We are told from the onset that “Pain Hustlers” is “inspired by real events.”
It quickly becomes clear that what that means in this case is the movie, though largely entertaining, is not telling a dramatized true tale set within the country’s opioid crisis.
Its characters — including those played by appealing leads Emily Blunt and Chris Evans — never feel all that authentic. And as for what transpires … let’s just say “Pain Hustlers” isn’t afraid to lay it on a little thick now and then.
That said, does this story of ambitious folks getting caught up in pushing doctors to prescribe a potentially harmful drug in the hopes of lining their pockets ring true at various points? Oh, sure.
Its genesis was screenwriter Wells Tower being sent journalist Evan Hughes’ 2018 New York Times article “The Pain Hustlers,” about the scandal surrounding the company Insys Therapeutics. Furthermore, the book Hughes would later write, eventually titled “Pain Hustlers: Crime and Punishment at an Opioid Startup” and developed alongside the movie, serves very loosely as its basis.
However, “Pain Hustlers” — helmed by David Yates, the director of seven movies in the “Harry Potter” universe — is more interested in being engaging than it is in hitting hard.
It wants us to invest in Blunt’s Liza Blake, a scrappy if not always reliable single mom whom Evans’ Pete Brenner meets at the exotic dance club where she works.
Looking to do the best she can for teen daughter Phoebe (Chloe Coleman, “Gunpowder Milkshake”) and needing to move out of her judgemental sister’s garage, Liza takes Pete up on an offer for a sales position at Zanna, the failing Florida-based pharmaceutical company where he’s in management and works with people he despises.
She is given just one week to hook a “whale” — a doctor who will prescribe the company’s fentanyl-based drug, Lonafen, intended to relieve pain in cancer patients. With much effort, she finds that whale, Brian d’Arcy James’ Dr. Lydell, whom Chloe refers to at one point as “Doctor Sketchball.”
Soon, more prescriptions are being written by more doctors, money is flowing into Zanna and rules increasingly are being bent and broken by drug reps and docs alike.
While Liz and Pete are making the highly profitable moves, the puppetmaster is Zanna head Dr. Jack Neel (Andy Garcia). He talks of creating the drug because the idea of his wife being in pain while she died of cancer broke his heart but is obsessed with the company maintaining its incredible growth rate.
Yates and Tower want us to have someone to root for, so Emily — after buying an incredible home and paying “enhanced tuition” at her daughter’s exclusive private school — develops a conscience. She worries about what doctors agreeing to prescribe Lonafen for not-FDA-approved uses will mean for patients and wants to take steps to make Zanna less of a target for the feds. However, Jack — an increasingly paranoid germaphobe who has worked to isolate himself from the actions of his employees — isn’t interested.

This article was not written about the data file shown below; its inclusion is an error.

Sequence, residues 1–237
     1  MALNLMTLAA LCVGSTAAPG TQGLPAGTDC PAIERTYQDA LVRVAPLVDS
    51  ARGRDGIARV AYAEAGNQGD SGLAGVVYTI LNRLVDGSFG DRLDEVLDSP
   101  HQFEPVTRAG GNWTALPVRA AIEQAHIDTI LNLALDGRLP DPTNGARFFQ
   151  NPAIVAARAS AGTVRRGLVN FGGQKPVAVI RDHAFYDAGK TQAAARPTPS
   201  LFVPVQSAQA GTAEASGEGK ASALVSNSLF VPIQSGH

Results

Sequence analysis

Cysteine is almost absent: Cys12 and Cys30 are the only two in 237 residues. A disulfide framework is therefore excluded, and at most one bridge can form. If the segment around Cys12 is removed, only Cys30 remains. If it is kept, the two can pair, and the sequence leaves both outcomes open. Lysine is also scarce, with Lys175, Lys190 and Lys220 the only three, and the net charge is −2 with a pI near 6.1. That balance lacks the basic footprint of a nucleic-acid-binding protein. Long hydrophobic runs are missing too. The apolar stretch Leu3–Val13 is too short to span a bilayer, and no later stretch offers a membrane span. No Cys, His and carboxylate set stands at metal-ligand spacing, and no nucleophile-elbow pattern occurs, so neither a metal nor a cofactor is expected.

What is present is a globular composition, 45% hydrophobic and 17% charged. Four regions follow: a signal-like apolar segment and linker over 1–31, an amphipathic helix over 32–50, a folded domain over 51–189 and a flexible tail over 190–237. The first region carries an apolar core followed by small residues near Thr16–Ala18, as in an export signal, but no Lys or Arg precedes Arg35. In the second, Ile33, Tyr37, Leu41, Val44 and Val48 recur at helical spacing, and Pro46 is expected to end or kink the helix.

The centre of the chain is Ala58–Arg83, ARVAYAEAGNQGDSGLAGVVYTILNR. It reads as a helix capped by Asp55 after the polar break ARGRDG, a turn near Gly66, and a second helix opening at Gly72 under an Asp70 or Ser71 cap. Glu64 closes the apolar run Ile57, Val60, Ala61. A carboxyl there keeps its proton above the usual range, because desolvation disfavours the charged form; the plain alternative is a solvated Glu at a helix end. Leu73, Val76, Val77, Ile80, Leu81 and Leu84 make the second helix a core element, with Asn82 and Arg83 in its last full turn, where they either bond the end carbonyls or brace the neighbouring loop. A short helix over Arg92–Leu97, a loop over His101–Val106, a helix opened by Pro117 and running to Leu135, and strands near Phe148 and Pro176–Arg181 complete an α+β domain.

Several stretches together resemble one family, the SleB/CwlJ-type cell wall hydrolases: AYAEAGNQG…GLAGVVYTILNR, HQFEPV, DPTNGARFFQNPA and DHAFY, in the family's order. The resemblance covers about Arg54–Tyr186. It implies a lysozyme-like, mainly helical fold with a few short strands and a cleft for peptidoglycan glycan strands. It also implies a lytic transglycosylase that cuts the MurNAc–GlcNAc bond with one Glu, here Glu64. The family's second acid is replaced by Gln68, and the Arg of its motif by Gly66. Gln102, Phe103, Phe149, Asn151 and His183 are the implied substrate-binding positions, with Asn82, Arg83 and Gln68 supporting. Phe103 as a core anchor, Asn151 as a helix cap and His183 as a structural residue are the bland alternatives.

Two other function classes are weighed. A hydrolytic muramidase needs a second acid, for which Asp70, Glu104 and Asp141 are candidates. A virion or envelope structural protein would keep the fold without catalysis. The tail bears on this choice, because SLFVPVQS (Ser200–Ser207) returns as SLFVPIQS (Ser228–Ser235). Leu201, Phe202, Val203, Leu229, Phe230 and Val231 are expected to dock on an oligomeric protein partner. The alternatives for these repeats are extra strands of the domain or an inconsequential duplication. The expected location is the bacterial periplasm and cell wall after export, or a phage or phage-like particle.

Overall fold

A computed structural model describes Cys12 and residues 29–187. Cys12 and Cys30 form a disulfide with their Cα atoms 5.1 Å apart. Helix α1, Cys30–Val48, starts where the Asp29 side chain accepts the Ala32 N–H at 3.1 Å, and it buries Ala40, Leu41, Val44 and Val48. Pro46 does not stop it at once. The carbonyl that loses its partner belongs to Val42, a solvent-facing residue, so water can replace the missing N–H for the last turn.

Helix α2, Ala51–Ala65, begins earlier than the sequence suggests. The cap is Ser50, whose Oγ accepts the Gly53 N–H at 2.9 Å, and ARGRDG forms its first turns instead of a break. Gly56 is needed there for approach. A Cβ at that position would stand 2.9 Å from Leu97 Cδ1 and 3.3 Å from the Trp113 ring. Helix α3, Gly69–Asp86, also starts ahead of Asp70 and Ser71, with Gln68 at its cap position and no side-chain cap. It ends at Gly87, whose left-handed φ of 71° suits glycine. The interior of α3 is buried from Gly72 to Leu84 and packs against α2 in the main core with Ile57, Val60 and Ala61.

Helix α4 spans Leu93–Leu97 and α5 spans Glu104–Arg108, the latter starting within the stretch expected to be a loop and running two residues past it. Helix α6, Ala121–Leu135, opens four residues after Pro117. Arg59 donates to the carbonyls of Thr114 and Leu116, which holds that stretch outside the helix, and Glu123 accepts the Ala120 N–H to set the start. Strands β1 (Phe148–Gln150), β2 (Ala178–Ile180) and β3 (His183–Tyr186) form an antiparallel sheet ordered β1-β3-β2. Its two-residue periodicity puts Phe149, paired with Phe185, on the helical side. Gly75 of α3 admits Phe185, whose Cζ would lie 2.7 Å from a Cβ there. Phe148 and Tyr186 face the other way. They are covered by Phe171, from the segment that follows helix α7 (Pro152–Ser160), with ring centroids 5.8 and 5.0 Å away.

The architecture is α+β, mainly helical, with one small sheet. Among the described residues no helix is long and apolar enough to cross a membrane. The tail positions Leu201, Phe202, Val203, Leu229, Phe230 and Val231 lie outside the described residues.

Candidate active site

Thanks to the almost always compelling Blunt (“Edge of Tomorrow,” “A Quiet Place”), it is, in fact, pretty easy to care about what happens to Liza, whose motivation for (eventually) doing the right thing includes her daughter’s need for a pricy medical procedure. She’s no angel, Blunt is so good that we forget that for big stretches of “Pain Hustlers.”
It’s a little harder to worry about what will become of Pete, a character given little dimension by Tower and Yates and who, for some reason, has been provided with a distracting Boston accent by Beantown native Evans (“Avengers: Endgame,” “Knives Out”).
We wouldn’t have minded a bit more screen time for Garcia (“Expend4bles”), who adds a little color to “Pain Hustlers” as the eccentric if ultimately loathsome Jack.
Likewise, the film doesn’t find quite enough for the talented Catherine O’Hara (“Best in Show,” “Schitt’s Creek”) to do as Jackie, Liza’s loose-cannon mother, whom she hires to be a sales representative. (What could go wrong there?)
“Pain Hustlers” doesn’t ignore the damage the drug is doing to the people taking it and their loved ones, but that isn’t where its focus lies. The movie wants to be “The Wolf of Wall Street” rather than something akin to the excellent Hulu limited series “Dopesick.” As a result, it feels a bit slight, short story writer Tower’s lack of screenwriting experience perhaps showing a bit.
On the other hand, in Yates’ hands, it’s brisk and punchy. There’s simply something to be said from any streaming offering that doesn’t stagnate.
“Pain Hustlers” shines more light on a shady and dangerous world, one in which doctors are incentivized to write prescriptions and where profit can be more important to some than quality health care. It isn’t the first work to do that, and it isn’t the best.
But at least it has Emily Blunt.
When: Oct. 27.
Rated: R for language throughout, some sexual content, nudity and drug use.
Runtime: 2 hours, 2 minutes.
Stars (of four): 2.5.